Biggest challenge:

As a professor it is really hard to manage your time. You have to put a lot of blinders onto make sure your career is going where you want it to go and you have to be unrepentant about that. People sometimes over-commit, they do too much and burn out. 

You just have to make decisions that work for you and go forward without agonising over it.

Advice for students:

Don’t forget the fundamentals. As managers you will not only have to make decisions,  but also get others on board with your decisions. 

For that you need to be a good communicator and be able to back it up with facts and data. In the end it all comes down to knowing who your customer is, what your value proposition is, how you are positioning yourself relative to them and what your advantage is.


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Darden School of Business

Gaurav Chiplunkar


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Age: 32

Teaches: Global Economics and Markets

Industry background: Currently a professor in the Global Economies and Markets group at the University of Virginia Darden School of Business. Prior to Darden, earned a PhD in Economics from Yale University.

Current research: My current research interests are in examining the economic consequences of technological change and adoption. In particular, there are three broad research areas that I am working on: the impact of digitization on poverty alleviation, barriers faced by women entrepreneurs, and the impact of online job search portals.

Favorite thing about being a business school professor:

Darden draws a pool of extremely talented students who come from diverse backgrounds and hence bring diverse experiences, ideas and insights to the classroom.

For me, my favorite part of being a professor is to be able to facilitate exchanges between students on a variety of topics and in the process, interact and learn from their insights.

Biggest challenge:

A diverse groups of students also brings a diverse set of challenges. Each student is unique in their background, experience, expectations etc. and therefore faces very different challenges. 

I find it most challenging, yet most rewarding, to be able to identify the needs of a student and to be able to effectively support them in it.

Advice for students:

I try to encourage students to always be inquisitive never lose the spirit of questioning. From challenging the most fundamental assumptions of economics to exploring its more subtle nuances, I try to encourage students to approach each problem with an open mind—sometimes transformative solutions can be found in the most obvious places if only one thinks about them in a creative way!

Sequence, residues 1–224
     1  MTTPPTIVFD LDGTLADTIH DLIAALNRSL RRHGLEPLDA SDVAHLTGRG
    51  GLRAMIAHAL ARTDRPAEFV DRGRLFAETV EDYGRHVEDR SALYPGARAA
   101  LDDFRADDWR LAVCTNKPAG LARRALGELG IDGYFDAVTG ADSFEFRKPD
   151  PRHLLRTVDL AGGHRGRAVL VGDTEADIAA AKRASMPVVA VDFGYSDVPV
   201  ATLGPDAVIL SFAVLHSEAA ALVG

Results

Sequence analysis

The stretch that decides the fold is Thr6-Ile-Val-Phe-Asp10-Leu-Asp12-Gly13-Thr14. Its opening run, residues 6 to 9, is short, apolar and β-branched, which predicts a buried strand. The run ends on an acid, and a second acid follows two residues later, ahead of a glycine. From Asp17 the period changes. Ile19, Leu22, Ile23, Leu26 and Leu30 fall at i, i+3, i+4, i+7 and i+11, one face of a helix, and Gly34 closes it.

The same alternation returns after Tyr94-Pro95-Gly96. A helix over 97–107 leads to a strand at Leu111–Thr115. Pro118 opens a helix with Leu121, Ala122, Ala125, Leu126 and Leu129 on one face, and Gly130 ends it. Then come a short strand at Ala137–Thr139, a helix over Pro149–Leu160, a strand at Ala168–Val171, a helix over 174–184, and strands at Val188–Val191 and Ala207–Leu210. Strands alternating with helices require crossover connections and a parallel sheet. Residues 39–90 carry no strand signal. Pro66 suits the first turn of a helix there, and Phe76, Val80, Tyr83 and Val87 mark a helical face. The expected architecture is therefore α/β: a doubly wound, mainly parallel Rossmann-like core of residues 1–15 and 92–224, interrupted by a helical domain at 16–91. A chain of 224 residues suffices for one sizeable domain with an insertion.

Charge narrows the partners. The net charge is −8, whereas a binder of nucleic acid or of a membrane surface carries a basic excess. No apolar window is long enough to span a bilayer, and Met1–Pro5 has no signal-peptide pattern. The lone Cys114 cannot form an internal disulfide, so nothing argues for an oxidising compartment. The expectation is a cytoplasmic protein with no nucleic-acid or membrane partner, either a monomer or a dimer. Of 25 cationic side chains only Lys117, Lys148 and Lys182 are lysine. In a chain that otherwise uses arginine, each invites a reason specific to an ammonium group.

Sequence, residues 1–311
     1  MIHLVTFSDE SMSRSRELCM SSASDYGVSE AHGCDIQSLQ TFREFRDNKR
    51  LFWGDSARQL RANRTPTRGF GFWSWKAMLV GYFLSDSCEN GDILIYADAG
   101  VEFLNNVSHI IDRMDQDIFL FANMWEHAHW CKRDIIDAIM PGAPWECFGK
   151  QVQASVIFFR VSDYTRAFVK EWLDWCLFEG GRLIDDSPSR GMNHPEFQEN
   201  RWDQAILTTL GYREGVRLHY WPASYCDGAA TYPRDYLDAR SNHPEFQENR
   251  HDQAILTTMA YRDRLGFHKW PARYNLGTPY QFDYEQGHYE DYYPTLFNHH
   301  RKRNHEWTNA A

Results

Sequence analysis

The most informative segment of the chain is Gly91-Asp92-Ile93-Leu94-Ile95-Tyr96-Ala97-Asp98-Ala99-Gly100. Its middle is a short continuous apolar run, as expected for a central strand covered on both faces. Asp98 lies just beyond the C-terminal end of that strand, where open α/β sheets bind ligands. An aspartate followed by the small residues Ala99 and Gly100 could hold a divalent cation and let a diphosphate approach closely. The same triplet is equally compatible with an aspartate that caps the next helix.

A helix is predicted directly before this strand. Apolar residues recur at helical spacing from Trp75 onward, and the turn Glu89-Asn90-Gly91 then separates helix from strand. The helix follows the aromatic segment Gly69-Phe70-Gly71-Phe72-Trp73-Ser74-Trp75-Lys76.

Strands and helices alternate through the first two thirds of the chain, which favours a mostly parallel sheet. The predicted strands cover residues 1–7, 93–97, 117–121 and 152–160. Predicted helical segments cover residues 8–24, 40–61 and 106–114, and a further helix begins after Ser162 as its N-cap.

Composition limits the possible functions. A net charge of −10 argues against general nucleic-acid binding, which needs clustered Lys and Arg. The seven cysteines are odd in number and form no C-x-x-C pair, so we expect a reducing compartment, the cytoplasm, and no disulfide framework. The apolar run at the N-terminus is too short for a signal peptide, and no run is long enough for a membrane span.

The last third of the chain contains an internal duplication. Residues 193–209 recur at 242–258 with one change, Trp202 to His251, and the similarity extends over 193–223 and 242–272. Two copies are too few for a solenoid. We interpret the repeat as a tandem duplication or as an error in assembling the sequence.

ESADE

Daniel Blaseg


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Age: 31

Teaches: Strategy and general management

Industry background: Four years in investment banking and corporate finance. CFO of two startups.

Current research: My current research focuses on why and how novel sources of entrepreneurial finance, such as crowdfunding, are used by entrepreneurs.

Favorite thing about being a business school professor:

The constant exposure to new ideas and different opinions.

Biggest challenge:

Finding the sweet spot in providing students with enough support to help them succeed but also enough challenges to help them grow.

Advice for students

Don’t take everything for granted.


Harvard Business School

Katie Coffman


Age: 34

Teaches: Negotiations (both to MBAs and in Executive Education) 8522cea9101874991f69548b66fc4678f4c9e17a.png

Industry background: After finishing my undergraduate degree at Williams College in 2007, I went straight to graduate school and received my PhD in Economics in 2012. I've been working as a professor since. 

Current research: I'm currently studying how we can better design processes for recruiting, interviewing, and evaluating talent, with an eye toward reducing gender gaps in representation and advancement.

Favorite thing about being a business school professor:

I really appreciate being able to teach such a talented and diverse group of students. My students bring a huge variety of interesting backgrounds, experiences, and accomplishments with them into the classroom; it means I learn something new from them every time I teach.

Advice you would give your past self:

There will never be enough time to do everything that you'd like to do. So, look for opportunities to delegate effectively when you can, and learn to say no. While it's hard to say no in the moment, you won't regret carving out the time to pursue the projects you are most excited about. 

Biggest challenge:

Finding the time to balance all the activities that I enjoy. 

It's rewarding to be in the classroom and to be able to get to know my students better in office hours outside of class; I'm lucky enough to have the chance to talk with firm leaders about what they are up to in their careers so that I can bring those insights into my teaching and research; and I'm always eager to make headway on my own research and academic writing.